David Prowse plays drums and shouts a lot in a band called Japandroids. He spends most of his days and nights in tour vans and hotel rooms, but calls Vancouver home.
When I think of Timber Timbre, two things come to mind: mushrooms and treats. Let me explain.
I fell in love with Taylor Kirk and his group Timber Timbre’s music back in 2009. I was DJing at CJSF/90.1, a college radio station in Vancouver, and spent a lot of time combing through their music library. I stumbled upon Timber Timbre’s then-recently released self-titled record, their third overall and first for Canadian mega-indie Arts & Crafts, and gave it a listen, and became increasingly obsessed. That summer, Kirk came to town and played one of my favourite music festivals, Music Waste. I took some mushrooms before the show. It was a short set — everything ran late because it was in a non-venue with five bands on the bill — and he ended up playing only four songs, but that short set was still pretty magical. Afterwards, I cornered him and briefly talked his ear off, managing to convince him and his band to come with my friends and me to an after-party at the nearby Astoria bar.
They had a band meeting halfway through our walk through the downtown east side and abandoned ship after realizing that they probably needed to find somewhere to park their van where it wouldn’t be in one of the sketchiest corners of the city all night. It was a funny, weird night. So, in the interest of full disclosure, I would say my five-minute interaction with Kirk leaned more towards being a fanboy weirdo pestering the artist/band, rather than being any kind of “meeting of the minds.” I still feel like I’m much more of a fan than a peer, even if some people now consider me to be a “professional musician.”
Anyway, around this time Timber Timbre evolved from a spooky solo folk project to a spooky rock band, as Kirk began playing and collaborating with violinist Mika Posen and multi-instrumentalist Simon Trottier. Posen and Trottier have been involved with the last two records, and their influence is felt the most on the band’s new album (and fifth overall) Hot Dreams, which Trottier co-composed and co-produced. As always, Kirk’s creepy croon is front and centre for the majority of the album, but it sounds like a band working together, and features numerous guest spots for sultry saxophone or soaring female vocals. Everything feels like it’s exactly where it’s supposed to be, and nothing is wasted on any song.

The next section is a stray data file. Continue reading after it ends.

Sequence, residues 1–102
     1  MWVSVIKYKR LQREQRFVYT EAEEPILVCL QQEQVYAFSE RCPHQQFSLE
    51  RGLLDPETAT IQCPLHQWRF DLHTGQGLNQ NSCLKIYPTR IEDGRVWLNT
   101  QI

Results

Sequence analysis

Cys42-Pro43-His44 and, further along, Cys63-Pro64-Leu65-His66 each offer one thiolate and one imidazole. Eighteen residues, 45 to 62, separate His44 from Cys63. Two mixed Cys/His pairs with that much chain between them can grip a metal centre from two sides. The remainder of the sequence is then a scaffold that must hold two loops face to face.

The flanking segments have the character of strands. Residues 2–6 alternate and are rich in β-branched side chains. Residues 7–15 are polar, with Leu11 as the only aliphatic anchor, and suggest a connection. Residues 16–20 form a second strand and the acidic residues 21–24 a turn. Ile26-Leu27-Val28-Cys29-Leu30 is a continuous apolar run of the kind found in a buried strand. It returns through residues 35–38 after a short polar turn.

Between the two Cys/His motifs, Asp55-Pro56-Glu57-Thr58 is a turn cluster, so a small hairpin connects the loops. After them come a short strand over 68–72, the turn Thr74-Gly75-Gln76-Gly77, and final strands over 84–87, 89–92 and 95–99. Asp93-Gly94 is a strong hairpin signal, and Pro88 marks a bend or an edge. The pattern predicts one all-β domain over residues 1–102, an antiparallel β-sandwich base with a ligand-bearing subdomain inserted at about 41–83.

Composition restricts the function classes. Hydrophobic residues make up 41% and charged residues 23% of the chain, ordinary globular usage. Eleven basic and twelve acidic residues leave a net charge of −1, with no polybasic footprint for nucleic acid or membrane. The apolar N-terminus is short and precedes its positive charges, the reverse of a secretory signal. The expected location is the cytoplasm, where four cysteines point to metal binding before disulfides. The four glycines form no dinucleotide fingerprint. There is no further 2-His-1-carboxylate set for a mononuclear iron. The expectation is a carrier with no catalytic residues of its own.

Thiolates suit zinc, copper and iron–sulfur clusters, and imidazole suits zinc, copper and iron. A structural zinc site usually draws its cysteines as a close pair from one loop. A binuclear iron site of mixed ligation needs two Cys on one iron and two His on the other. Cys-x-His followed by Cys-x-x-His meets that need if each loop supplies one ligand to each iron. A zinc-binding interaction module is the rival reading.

“Grand Canyon” is probably my favourite jam on this record. I love how hopeful it sounds, even if it is about wishing your plane would crash with you in it. I’ve been listening to a lot of Lee Hazlewood lately, and it reminds me a lot of that stuff — not in a blatant rip-off kind of way, just in a “we like this guy a lot, let’s do our take on what he did” kind of vibe. After a couple of rounds of the verse, the country instrumentation melts away and high-pitched synths and swirling saxophone seamlessly come out of nowhere. The song returns to the central twangy guitar riff, this time doubled up by hammered dulcimer. I think. Whatever that instrument is, it’s a treat. The saxophone and toy piano too. I remember my friend Colin Stewart (a great engineer and producer, as well as just a good dude) referring to having “treats” on a recording. You know those little touches that aren’t really necessary for the song but just take it to another level? Those details that grab your attention when you’re listening to it stoned on headphones? Treats.